In the Lightning Round, Cramer was bullish on
Cramer was bearish on
All in the Packaging
There's a stealth bull market in packaging, Cramer told viewers, and that's why the stocks of
have both been outperforming the markets. Cramer said that rally is likely to continue, which is why he's bullish on both names.
When it comes to packaging, and food packaging in particular, Bemis is the market leader and has a 2.8% yield. Berry, on the other hand, came public just last October, with horrible results. However, shortly after that horrendous IPO, shares of Berry also began to rise.
Cramer explained that while food packaging might seem boring, there's actually a lot of innovation involved because new packaging drives sales and helps food last longer. When you see the new
"Dip & Squeeze" ketchup packets, those were created by Bemis.
With input costs falling along with the price of natural gas, Cramer said both companies will see their businesses continue to grow. Thus, the question becomes which company is right for your portfolio?
Cramer said for those with a higher risk tolerance, Berry is better bet because that company has higher upside. However, the company also has $4.5 billion in debt, with $2.1 billion coming due in 2015. In addition, the company still has sizable private equity investments that could be sold at a moment's notice, sending shares lower. That's why Berry trades at just 13 times earnings, noted Cramer.
So for those investors who like to sleep at night, Cramer said to stick with Bemis, which trades at 15 times earnings with a 7% growth rate and a 2.8% dividend.
No Huddle Offense
In his "No Huddle Offense" segment, Cramer recounted his "rant heard around the world," which aired on August 3, 2007. In that famous "they know nothing" outburst, Cramer said he was merely trying to wake the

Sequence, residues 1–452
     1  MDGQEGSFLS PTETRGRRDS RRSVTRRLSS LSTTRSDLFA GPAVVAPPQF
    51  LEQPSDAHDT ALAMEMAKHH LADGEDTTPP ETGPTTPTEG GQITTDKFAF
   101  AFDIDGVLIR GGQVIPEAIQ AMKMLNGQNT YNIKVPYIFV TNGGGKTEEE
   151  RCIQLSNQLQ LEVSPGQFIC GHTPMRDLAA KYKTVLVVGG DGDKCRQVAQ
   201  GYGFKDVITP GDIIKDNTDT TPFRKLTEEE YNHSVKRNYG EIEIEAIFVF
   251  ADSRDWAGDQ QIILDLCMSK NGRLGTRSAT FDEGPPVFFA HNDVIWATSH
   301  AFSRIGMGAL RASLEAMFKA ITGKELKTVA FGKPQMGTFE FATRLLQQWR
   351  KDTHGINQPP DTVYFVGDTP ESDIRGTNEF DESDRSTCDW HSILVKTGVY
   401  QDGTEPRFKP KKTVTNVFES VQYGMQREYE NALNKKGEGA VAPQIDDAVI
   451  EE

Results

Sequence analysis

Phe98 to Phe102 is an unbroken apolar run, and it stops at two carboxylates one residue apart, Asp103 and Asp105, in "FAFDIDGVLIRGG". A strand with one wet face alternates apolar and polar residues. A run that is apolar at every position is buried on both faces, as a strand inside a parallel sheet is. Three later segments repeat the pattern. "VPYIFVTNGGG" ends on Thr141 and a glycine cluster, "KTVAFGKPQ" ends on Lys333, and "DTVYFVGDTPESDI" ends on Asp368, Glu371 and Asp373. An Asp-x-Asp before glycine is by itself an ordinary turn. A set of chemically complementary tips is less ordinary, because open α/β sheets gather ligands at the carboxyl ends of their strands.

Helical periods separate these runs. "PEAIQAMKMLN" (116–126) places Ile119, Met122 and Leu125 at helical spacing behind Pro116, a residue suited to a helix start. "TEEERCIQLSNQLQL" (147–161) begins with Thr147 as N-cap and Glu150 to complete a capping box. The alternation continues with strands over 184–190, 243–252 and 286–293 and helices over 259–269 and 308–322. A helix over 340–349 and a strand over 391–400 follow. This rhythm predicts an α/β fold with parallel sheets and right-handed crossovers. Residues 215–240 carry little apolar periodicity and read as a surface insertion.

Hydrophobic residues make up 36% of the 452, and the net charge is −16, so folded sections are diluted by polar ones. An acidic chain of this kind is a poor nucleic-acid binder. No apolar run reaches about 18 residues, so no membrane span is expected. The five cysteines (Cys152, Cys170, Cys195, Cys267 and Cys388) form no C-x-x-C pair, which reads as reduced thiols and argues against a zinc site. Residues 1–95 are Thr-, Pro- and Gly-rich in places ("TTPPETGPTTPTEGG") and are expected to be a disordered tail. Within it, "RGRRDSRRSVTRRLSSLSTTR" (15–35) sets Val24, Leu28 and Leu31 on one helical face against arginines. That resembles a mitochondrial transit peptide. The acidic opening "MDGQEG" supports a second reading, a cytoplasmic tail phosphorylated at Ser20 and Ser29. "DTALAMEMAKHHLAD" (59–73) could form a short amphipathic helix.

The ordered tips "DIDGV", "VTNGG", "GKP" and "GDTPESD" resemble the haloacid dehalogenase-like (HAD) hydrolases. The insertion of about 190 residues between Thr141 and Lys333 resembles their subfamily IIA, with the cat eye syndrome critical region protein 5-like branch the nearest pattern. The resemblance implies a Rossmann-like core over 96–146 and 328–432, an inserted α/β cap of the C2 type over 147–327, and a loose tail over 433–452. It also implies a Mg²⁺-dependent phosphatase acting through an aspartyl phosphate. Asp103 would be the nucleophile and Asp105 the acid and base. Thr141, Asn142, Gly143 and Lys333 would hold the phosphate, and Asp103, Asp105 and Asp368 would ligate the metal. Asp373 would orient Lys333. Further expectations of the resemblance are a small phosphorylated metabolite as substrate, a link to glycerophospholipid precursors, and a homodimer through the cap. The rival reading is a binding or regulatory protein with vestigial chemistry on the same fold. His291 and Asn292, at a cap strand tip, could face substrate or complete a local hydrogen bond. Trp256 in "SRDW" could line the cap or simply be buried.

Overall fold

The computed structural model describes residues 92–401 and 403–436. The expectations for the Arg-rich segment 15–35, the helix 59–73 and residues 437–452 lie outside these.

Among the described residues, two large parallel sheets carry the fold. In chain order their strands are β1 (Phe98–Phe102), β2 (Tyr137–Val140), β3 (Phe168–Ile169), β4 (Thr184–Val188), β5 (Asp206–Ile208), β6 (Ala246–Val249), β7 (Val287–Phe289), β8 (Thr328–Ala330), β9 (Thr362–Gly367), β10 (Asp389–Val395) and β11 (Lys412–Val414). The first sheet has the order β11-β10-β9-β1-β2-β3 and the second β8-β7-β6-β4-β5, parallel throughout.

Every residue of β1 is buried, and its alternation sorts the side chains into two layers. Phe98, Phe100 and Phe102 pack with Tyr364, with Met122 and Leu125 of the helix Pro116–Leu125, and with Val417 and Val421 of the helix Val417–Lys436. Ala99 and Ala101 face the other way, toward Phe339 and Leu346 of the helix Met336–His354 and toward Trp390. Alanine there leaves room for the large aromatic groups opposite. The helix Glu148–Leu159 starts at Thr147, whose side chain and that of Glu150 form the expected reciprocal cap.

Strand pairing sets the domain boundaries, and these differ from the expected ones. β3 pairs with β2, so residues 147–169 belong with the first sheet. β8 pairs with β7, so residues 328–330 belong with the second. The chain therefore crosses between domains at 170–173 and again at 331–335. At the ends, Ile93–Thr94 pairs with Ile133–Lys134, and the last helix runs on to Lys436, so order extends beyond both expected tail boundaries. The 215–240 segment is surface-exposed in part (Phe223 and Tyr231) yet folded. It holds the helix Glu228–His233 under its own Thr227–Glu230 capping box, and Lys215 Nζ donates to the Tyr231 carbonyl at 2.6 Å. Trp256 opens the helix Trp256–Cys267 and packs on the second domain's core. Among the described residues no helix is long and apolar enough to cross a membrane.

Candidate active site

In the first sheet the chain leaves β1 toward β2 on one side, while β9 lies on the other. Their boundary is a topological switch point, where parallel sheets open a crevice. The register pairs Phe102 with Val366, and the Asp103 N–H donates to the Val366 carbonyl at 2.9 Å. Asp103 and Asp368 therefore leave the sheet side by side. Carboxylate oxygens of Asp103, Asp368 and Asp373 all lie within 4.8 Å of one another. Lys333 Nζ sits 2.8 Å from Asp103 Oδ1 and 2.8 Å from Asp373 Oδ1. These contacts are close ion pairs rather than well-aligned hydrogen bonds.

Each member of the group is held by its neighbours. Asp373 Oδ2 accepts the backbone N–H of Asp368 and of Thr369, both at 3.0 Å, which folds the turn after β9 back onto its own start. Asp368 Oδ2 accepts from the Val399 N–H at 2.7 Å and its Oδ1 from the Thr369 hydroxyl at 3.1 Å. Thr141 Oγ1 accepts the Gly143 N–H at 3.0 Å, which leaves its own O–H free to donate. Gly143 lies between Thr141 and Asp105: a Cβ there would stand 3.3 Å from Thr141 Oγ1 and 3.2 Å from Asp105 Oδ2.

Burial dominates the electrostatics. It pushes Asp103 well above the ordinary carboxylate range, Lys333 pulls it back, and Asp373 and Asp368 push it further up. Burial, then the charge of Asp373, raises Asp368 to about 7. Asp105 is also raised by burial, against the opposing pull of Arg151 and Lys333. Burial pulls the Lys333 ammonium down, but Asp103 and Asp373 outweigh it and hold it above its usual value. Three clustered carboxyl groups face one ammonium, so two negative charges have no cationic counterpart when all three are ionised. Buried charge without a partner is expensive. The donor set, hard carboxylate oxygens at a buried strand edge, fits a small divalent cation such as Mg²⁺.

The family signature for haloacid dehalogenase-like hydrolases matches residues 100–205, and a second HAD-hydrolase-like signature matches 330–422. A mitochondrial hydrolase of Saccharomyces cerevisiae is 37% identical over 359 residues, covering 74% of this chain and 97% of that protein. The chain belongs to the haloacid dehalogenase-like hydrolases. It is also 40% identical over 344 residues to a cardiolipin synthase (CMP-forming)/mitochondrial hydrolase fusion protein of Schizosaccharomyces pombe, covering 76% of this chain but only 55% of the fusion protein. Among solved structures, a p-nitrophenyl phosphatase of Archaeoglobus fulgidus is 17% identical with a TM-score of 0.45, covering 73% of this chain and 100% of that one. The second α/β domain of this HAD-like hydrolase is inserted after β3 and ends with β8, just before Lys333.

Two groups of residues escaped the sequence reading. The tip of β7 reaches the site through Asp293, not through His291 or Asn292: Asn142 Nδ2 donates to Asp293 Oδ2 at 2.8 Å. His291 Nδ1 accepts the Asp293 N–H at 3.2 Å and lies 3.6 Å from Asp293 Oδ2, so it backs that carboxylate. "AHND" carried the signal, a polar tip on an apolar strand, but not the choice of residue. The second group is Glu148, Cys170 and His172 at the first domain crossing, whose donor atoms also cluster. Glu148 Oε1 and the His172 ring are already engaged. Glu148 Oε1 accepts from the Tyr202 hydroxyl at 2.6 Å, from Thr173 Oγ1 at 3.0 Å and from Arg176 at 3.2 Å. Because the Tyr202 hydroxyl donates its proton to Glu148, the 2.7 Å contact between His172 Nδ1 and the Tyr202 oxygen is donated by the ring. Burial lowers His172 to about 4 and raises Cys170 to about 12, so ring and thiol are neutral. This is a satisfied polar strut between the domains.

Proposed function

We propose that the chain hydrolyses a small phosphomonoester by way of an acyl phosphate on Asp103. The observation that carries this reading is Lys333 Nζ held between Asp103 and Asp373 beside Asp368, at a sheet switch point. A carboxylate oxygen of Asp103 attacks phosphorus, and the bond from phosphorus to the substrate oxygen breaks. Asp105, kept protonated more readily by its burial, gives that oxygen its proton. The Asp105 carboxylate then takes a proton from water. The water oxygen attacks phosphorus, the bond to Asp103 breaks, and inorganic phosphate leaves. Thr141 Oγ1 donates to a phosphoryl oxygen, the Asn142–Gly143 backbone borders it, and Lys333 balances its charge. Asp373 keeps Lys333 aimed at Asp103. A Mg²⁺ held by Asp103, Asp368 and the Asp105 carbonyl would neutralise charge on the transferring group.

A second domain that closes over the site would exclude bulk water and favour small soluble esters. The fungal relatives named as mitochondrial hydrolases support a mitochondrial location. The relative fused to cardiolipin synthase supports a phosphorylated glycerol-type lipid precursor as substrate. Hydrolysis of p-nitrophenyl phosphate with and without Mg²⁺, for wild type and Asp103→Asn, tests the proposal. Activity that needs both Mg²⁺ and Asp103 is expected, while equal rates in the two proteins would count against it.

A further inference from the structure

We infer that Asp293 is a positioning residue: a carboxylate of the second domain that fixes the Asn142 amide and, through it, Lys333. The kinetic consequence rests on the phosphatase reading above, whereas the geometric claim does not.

into cutting interest rates and cutting them fast in order to save financial firms and mortgages alike.
However, in a recent release of the Fed's meeting notes, it was discovered that Cramer's rant was indeed discussed, but only to poke fun at someone who was clearly not a "fan" of how they were handling things.
Cramer said he's mentioning the rant not to prove he was right, but to ask the question of how his contacts were so much better than the Fed? How did he see what was coming while the Fed clearly did not?
He said in all likelihood, banks are afraid to tell the Fed when bad things happen for fear of reprisal or shaking confidence. But no matter what the reason, the Fed clearly spoke to the wrong people and should've known better and acted sooner to save the economy, the financial system and countless mortgages.
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-- Written by Scott Rutt in Washington, D.C.
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At the time of publication, Cramer's Action Alerts PLUS had a position in DD.
Jim Cramer, host of the CNBC television program "Mad Money," is a Markets Commentator for TheStreet.com, Inc., and CNBC, and a director and co-founder of TheStreet.com. All opinions expressed by Mr. Cramer on "Mad Money" are his own and do not reflect the opinions of TheStreet.com or its affiliates, or CNBC, NBC Universal or their parent company or affiliates. Mr. Cramer's opinions are based upon information he considers to be reliable, but neither TheStreet.com, nor CNBC, nor either of their affiliates and/or subsidiaries warrant its completeness or accuracy, and it should not be relied upon as such. Mr. Cramer's statements are based on his opinions at the time statements are made, and are subject to change without notice. No part of Mr. Cramer's compensation from CNBC or TheStreet.com is related to the specific opinions expressed by him on "Mad Money."